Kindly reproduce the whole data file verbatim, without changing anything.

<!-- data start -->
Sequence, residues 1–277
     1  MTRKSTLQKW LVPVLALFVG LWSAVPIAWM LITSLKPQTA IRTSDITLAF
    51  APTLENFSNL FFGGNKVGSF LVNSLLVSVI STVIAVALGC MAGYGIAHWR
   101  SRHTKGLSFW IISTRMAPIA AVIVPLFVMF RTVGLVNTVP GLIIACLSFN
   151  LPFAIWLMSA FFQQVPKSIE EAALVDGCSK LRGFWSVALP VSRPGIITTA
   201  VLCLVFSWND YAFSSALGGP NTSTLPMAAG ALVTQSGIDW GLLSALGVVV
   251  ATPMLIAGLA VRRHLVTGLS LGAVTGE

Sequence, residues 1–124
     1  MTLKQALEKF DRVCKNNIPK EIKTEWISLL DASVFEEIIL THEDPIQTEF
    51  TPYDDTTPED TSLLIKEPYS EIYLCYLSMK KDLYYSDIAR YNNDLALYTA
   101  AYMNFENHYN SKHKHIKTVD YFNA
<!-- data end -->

Sequence, residues 1–277
     1  MTRKSTLQKW LVPVLALFVG LWSAVPIAWM LITSLKPQTA IRTSDITLAF
    51  APTLENFSNL FFGGNKVGSF LVNSLLVSVI STVIAVALGC MAGYGIAHWR
   101  SRHTKGLSFW IISTRMAPIA AVIVPLFVMF RTVGLVNTVP GLIIACLSFN
   151  LPFAIWLMSA FFQQVPKSIE EAALVDGCSK LRGFWSVALP VSRPGIITTA
   201  VLCLVFSWND YAFSSALGGP NTSTLPMAAG ALVTQSGIDW GLLSALGVVV
   251  ATPMLIAGLA VRRHLVTGLS LGAVTGE

Sequence, residues 1–124
     1  MTLKQALEKF DRVCKNNIPK EIKTEWISLL DASVFEEIIL THEDPIQTEF
    51  TPYDDTTPED TSLLIKEPYS EIYLCYLSMK KDLYYSDIAR YNNDLALYTA
   101  AYMNFENHYN SKHKHIKTVD YFNA